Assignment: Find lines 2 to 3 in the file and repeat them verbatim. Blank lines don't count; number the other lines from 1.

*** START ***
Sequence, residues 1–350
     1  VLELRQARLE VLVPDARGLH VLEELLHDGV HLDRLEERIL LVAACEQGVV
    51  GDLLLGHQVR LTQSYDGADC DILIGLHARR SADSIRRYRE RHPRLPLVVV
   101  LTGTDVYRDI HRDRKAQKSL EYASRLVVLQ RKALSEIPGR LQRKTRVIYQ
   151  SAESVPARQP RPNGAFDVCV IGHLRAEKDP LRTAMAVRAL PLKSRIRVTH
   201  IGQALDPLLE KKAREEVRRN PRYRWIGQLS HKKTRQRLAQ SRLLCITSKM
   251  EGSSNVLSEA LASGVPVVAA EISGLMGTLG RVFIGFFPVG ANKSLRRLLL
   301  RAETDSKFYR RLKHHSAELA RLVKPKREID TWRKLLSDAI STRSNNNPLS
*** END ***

     1  VLELRQARLE VLVPDARGLH VLEELLHDGV HLDRLEERIL LVAACEQGVV
    51  GDLLLGHQVR LTQSYDGADC DILIGLHARR SADSIRRYRE RHPRLPLVVV